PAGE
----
The last time I reviewed a Nitecore light I was a bit underwhelmed. The P20 was a mediocre light for a weapon-mounted flashlight and underpowered compared to other offerings. Nitecore did offer up their new NU05MI mini IR signal light and their CI7 dual output IR flashlight.
NU05MI IR Marker
Normally I do not get excited over IR markers. But the NU05MI is a cool little device and a bargain at $25. Why am I excited over a little blinking light? Because it is so tiny, inexpensive and does something no other IR marker of its size can do. It is rechargeable.
In my night vision helmet accessories article, I mentioned two IR strobes but they are at the upper end of the scale in terms of function and cost. In most cases, you do not need all those features and a simple IR strobe or visible strobe will do just fine. Take a look at the photo above. The Unity Spark is a self-contained strobe. It only blinks a red LED and while it is good for 200 hours it is not rechargeable and the battery is not user replaceable. Yes, you could cut the Spark open and possibly change the battery that way but it only blinks red. Other helmet marking lights like the S&S Precision V-Lite are double the price of the NU05MI. The V-Lite is sealed just like the Spark and it does come in infrared as well as other LED colors but it is not dual output.
The NU05MI is dual output. It has two IR LEDs as well as two green LEDs.
The NU05MI technically has a third color LED, it has a red indicator LED that lets you know the light has been turned on or off in IR mode. When you turn on the NU05MI the red LED blinks rapidly for a couple seconds and the IR LEDs will blink. Pressing the power button again will cycle through the different modes. It is always IR flashing, IR beam, green flashing and green beam.
The NU05MI comes with a Velcro mount and the light body itself has a clip for attaching it to MOLLE. The Velcro mount has built-in cable management clips or you can secure the mount with cordage.
The NU05MI light is clipped into the bracket.
You can see how small the NU05MI marker is.
As mentioned earlier, the NU05MI has a built-in MOLLE clip for attaching it to a vest or backpack. I suppose you could permanently remove this and stick on some adhesive hook Velcro to skip using the velcro bracket.
What sets the NU05MI apart is the fact that it is USB rechargeable. Of course, there is a slight compromise. The NU05MI battery life is only 20 hours of continuous use. It is IP66 rated IP as “dust tight” and protected against heavy seas or powerful jets of water.
The NU05MI IR LEDs produce 940nm infrared light. Typical IR lights are 850nm. Why would you want 940nm? It is higher on the light spectrum and harder to see with the naked eye compared to 850nm.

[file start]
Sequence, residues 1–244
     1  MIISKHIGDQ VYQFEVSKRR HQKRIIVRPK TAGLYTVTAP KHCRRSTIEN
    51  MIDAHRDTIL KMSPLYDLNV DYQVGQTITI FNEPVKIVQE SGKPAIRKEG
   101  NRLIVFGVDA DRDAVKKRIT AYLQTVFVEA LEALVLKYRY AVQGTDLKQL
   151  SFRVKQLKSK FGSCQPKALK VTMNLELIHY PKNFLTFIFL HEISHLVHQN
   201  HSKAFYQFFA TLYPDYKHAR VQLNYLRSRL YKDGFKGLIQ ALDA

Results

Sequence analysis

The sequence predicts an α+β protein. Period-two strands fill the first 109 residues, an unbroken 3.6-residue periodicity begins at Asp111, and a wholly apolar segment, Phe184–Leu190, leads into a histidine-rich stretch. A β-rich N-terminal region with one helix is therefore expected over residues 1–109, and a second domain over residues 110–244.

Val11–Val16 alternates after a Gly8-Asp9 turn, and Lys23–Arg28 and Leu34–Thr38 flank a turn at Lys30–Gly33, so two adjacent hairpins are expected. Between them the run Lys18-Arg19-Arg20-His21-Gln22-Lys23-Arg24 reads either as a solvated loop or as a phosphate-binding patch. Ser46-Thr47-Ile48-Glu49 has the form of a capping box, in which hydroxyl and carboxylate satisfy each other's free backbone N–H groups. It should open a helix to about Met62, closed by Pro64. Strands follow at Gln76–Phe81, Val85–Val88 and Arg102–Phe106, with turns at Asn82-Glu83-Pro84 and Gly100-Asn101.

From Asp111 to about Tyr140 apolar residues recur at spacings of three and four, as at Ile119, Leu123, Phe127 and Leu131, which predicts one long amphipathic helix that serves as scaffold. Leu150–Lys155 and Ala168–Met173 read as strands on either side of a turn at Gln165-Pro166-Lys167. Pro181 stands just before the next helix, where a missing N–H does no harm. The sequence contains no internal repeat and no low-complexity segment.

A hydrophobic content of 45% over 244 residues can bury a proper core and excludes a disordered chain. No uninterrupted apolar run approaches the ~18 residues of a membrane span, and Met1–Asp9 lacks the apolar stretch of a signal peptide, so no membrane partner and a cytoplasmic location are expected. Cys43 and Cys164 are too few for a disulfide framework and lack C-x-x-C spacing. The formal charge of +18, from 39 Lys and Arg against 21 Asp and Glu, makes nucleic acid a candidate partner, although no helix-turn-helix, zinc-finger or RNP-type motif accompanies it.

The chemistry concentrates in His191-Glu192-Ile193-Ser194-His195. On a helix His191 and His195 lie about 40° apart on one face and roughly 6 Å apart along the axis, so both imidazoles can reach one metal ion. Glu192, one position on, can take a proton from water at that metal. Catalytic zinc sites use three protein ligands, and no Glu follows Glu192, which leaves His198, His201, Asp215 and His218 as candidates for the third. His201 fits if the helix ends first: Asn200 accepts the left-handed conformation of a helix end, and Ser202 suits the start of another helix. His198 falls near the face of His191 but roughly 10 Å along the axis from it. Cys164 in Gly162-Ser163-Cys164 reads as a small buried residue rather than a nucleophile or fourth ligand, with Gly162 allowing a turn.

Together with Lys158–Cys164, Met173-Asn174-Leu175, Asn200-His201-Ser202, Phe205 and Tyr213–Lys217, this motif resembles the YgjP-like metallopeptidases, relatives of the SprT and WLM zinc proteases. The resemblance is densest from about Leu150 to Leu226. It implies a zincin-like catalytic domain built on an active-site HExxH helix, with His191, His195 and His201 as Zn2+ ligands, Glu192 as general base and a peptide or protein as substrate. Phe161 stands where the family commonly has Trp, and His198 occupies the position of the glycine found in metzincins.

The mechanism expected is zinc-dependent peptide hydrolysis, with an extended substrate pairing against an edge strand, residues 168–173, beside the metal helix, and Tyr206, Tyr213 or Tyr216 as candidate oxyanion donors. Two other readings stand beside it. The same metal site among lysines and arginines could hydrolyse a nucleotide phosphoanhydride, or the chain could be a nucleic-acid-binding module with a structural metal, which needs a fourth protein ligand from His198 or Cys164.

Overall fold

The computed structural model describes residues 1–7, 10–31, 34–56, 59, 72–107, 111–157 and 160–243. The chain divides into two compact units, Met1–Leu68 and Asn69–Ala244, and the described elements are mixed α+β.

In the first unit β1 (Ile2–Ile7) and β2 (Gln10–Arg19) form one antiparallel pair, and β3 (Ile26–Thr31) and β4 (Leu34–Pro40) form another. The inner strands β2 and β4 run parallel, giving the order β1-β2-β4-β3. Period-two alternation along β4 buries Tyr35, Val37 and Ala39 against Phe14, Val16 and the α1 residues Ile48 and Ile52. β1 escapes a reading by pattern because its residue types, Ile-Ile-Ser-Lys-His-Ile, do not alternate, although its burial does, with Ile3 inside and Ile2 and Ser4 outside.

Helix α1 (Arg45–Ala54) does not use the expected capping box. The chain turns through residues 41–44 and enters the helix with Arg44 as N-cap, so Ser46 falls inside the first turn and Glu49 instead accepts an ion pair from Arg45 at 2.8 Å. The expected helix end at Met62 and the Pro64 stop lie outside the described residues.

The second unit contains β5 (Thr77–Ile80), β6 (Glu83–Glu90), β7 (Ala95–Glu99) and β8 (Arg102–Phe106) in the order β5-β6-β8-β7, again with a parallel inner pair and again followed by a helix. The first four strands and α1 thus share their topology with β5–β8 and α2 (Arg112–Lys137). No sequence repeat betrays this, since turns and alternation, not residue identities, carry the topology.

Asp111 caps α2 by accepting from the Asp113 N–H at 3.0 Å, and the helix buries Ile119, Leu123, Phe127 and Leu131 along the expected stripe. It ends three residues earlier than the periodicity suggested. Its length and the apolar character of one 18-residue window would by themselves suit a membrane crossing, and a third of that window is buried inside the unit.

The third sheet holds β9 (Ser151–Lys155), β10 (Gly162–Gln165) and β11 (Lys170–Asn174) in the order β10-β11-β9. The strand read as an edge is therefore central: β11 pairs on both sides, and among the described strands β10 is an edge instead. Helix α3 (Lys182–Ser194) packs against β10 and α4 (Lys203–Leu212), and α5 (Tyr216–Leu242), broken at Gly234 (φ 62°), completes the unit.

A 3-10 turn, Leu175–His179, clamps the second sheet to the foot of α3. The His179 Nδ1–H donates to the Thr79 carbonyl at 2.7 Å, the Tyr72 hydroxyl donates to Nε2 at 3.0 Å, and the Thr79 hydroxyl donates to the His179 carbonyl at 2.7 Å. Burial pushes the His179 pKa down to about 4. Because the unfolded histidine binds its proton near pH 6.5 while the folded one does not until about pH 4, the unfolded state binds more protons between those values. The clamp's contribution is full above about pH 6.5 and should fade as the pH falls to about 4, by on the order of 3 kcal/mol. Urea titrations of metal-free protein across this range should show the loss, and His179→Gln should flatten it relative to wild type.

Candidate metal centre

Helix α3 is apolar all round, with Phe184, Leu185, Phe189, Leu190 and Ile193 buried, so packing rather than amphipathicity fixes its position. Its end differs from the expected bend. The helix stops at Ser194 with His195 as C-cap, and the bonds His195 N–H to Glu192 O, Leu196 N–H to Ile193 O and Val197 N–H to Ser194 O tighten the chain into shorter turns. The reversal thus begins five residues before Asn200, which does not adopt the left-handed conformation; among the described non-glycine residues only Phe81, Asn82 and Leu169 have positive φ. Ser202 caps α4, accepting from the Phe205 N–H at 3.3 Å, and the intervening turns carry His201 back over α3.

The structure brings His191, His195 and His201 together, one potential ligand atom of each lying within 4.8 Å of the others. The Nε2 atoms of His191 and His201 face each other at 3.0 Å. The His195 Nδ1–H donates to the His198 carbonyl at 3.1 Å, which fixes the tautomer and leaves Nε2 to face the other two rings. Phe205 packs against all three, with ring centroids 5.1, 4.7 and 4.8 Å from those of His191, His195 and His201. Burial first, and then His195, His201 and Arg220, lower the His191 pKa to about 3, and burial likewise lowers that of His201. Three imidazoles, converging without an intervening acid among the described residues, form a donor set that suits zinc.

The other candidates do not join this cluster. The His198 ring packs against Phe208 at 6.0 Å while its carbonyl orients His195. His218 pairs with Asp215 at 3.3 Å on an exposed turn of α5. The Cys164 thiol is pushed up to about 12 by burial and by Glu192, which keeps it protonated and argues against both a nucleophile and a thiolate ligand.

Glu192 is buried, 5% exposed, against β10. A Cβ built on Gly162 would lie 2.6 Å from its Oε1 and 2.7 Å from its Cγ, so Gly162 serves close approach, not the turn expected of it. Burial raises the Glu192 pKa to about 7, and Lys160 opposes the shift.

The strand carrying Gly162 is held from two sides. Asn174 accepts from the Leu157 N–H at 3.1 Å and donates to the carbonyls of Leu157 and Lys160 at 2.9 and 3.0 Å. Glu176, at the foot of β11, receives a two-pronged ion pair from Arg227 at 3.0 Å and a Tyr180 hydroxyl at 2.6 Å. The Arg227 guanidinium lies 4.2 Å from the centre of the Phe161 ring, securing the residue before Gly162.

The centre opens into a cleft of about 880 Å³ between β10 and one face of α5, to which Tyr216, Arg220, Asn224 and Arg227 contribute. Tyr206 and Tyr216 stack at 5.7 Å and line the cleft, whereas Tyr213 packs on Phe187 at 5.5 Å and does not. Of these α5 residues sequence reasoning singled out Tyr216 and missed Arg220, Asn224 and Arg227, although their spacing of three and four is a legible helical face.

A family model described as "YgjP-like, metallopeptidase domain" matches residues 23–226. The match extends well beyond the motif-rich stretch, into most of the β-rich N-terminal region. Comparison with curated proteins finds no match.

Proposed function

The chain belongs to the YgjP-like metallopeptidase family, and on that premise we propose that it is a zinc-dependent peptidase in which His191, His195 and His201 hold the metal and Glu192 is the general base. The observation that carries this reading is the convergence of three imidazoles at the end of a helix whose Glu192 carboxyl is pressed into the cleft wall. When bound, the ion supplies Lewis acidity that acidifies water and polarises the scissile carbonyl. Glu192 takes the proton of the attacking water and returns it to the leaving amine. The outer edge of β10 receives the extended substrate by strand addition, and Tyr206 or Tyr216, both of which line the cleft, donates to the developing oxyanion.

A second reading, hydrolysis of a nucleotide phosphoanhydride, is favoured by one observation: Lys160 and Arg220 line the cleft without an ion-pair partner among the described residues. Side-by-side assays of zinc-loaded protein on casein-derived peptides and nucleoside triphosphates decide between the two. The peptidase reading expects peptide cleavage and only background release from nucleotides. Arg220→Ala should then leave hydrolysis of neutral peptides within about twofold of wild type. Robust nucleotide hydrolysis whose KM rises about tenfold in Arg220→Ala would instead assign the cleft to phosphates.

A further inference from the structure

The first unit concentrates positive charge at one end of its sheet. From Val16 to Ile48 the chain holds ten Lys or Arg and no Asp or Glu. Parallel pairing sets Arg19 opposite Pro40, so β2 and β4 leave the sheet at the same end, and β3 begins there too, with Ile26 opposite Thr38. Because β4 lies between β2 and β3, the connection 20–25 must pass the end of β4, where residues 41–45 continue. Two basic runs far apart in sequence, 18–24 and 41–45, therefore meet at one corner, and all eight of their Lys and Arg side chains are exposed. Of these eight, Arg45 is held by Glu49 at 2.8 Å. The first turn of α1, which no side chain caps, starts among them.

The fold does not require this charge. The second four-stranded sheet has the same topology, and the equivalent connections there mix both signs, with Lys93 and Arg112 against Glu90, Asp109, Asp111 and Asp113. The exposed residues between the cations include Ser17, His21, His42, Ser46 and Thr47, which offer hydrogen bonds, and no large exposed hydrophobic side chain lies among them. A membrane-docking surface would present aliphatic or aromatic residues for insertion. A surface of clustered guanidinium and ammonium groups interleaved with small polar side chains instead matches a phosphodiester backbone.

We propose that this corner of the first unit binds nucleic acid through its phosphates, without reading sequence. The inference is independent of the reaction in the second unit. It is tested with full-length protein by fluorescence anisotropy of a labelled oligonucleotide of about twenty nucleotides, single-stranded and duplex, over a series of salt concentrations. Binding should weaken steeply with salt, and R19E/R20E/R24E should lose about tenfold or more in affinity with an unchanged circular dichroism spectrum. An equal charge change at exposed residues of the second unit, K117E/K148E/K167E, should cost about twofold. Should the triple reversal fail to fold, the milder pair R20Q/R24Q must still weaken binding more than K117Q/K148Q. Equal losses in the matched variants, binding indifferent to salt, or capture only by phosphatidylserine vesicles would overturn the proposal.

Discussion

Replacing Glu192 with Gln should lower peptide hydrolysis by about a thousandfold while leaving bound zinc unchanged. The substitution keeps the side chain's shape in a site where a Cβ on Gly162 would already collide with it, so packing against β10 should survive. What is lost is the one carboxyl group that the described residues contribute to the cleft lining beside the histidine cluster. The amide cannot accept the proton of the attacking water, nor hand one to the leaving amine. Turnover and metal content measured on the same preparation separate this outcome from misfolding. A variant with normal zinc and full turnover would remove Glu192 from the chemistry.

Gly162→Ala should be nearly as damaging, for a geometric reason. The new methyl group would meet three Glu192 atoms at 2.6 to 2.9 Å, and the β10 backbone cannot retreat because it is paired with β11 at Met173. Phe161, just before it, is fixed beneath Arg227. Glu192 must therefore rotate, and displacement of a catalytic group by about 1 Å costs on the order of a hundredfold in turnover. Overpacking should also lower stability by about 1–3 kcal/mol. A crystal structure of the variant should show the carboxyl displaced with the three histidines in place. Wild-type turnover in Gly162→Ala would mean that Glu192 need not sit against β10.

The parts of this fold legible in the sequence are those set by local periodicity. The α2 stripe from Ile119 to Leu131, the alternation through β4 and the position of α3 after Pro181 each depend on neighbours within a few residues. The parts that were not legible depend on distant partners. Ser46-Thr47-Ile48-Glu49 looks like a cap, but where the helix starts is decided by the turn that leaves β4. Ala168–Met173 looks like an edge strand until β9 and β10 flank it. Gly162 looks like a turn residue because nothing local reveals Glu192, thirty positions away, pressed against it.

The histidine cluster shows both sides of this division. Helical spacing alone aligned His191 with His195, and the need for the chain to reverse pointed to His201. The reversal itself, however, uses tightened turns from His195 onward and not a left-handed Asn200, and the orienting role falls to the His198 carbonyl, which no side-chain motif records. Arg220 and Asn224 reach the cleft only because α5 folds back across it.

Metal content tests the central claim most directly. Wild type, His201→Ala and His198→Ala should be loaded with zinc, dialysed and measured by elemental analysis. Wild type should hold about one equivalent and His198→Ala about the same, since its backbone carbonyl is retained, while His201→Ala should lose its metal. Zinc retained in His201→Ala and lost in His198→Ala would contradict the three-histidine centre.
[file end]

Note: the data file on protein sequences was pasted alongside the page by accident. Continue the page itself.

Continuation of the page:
Nitecore CI7 – A 4X Vampire
At first glance, I did not think much of the CI7. That is C-EYE-Seven. I mistakenly thought it was C-Seventeen. It is a dual output white/IR light. Sounds boring. That was until I had it in hand and realized that it is like four Surefire Vampires all in one light. Most lights that have both white and IR LEDs use offset IR LEDs which compromises the performance. But what about the SureFire vampire lights? They too are dual output. But the head spins to bring either the white or IR LED into the center of the reflector. The CI7 is similar but it has four white LEDs and four IR LEDs. Just like the NU05MI, the CI7 IR LEDs produce IR light at 940nm. This makes it harder to see to the naked eye.
The CI7 produces 2500 lumens of white light. It is powered by an 18650 but can be powered with 2xCR123. When set to white LEDs you have five brightness levels: 2500, 1100, 320, 90, and 8 lumens. Take a look at the chart below for run times. The CI7 has a similar tailcap design as the P20. It has a mode button that gives you a strobe if the light is turned off and set to white LEDs. When the light is on and set to white LEDs the mode button cycles through the brightness settings. Pressing and holding the mode button will switch to turbo mode on command.
When set to IR mode the CI7 pumps out 7,000mW or 7W of IR light. The Modlite 940nm IR head only produces 500mW of light and their 850nm IR head produces 1200mW of IR light. I do notice that the 850nm Modlite is brighter looking when using night vision than the CI7. However, there could be a number of factors. The reflector is better in the Modlite than the CI7. Also, it is easier to see 850nm with night vision than 940nm.
Here is a little test I did using the CI7 to light up trees and a street.
The RSW2D is more functional though. The button on the tail cap itself can be used for constant on. If you press and hold down that button, the light will cycle through the different brightness settings.
The tape switch has two buttons. You can see a parallelogram just behind the rails NITECORE logo. That is also constant on and if you press and hold it down the light will strobe on white. The rest of the tape switch is used for momentary activation.
Final Thoughts On Nitecore’s New IR Lights
I think Nitecore knocked the NU05MI out of the park. It is perfect for night vision use and has visible green for those who do not use night vision. I am torn with keeping it the way it is or streamlining the NU05MI and removing the MOLLE clip to have hook Velcro and eliminate the need for the Velcro mount entirely for use on my helmet.
The CI7 is a decent light and for only $129 it does not break the bank. I am not sure how well it will handle recoil so I would be cautious about using on a gun. As a handheld light, it is a little bit bigger than a Surefire 6P but the light output is respectable and the IR light is decent.
For more information go to Nitecore’s website.